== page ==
Sometimes vitiligo can develop where there are hair roots, such as on your scalp or eyelids. The lack of melanin in your skin can turn the hair in the affected area white or grey, causing white hair or white eyelashes.

    Types of vitiligo
    There are two main types of vitiligo:

    •non-segmental vitiligo
    •segmental vitiligo
    In rare cases, it is possible for vitiligo to affect your whole body. This is known as universal or complete vitiligo.

    Non-segmental vitiligo
    In non-segmental vitiligo (also called bilateral or generalised vitiligo), the symptoms of vitiligo often appear on both sides of your body as symmetrical white patches. Symmetrical patches can appear on areas such as the:

    •backs of your hands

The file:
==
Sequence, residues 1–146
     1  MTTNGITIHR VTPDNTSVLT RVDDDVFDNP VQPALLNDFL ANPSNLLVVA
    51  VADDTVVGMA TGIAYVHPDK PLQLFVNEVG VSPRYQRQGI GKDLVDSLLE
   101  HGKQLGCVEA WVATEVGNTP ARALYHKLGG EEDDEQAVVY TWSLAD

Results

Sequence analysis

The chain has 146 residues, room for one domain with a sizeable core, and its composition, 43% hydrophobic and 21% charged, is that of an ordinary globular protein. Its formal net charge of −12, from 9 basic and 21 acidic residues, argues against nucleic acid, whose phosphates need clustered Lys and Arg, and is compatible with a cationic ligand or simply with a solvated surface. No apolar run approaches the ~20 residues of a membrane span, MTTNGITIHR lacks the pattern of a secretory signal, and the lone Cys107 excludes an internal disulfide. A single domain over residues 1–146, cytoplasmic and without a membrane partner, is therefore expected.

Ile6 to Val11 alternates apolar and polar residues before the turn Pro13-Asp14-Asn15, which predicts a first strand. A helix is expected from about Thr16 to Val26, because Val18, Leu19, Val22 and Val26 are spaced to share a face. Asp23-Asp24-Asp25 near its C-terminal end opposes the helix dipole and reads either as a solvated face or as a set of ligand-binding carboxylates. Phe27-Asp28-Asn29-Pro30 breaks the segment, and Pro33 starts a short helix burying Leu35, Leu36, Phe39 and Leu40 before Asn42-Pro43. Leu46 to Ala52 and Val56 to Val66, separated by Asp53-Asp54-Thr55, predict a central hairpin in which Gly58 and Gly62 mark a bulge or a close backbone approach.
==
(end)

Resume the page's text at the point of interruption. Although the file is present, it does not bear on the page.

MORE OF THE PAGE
•arms
    •eyes
    •knees
    •elbows
    •feet
    Non-segmental vitiligo is the most common type of vitiligo, affecting up to 9 out of 10 people with the condition.

    Segmental vitiligo
    Sometimes the white patches may only affect one area of your body. This is known as segmental vitiligo, or unilateral or localised vitiligo.

    Segmental vitiligo is less common than non-segmental vitiligo, although it is more common in children. Segmental vitiligo usually starts earlier and affects 3 in 10 children who have vitiligo.

    How the symptoms of vitiligo develop
    If you have vitiligo, it is difficult to predict whether your condition will spread from the original patch or how fast it may spread. It is likely that more white patches will appear. For some people this can happen quickly. For others, the patches may stay the same for months or years.

    If the white patches appear symmetrically on more than one part of your body, the condition may progress quite slowly, with periods when the patches do not change. If you have white patches on only one area of your body, the condition may progress more rapidly.

    http://www.nhs.uk/Conditions/Vitilig.../Symptoms.aspx